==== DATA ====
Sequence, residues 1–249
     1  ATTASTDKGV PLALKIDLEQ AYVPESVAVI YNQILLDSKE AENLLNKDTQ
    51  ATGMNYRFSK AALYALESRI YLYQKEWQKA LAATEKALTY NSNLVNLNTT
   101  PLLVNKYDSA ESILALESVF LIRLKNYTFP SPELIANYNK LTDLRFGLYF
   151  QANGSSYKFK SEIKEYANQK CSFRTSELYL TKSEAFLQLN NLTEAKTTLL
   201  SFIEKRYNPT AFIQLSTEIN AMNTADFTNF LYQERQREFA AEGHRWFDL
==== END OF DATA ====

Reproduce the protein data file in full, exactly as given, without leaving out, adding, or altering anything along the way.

Sequence, residues 1–249
     1  ATTASTDKGV PLALKIDLEQ AYVPESVAVI YNQILLDSKE AENLLNKDTQ
    51  ATGMNYRFSK AALYALESRI YLYQKEWQKA LAATEKALTY NSNLVNLNTT
   101  PLLVNKYDSA ESILALESVF LIRLKNYTFP SPELIANYNK LTDLRFGLYF
   151  QANGSSYKFK SEIKEYANQK CSFRTSELYL TKSEAFLQLN NLTEAKTTLL
   201  SFIEKRYNPT AFIQLSTEIN AMNTADFTNF LYQERQREFA AEGHRWFDL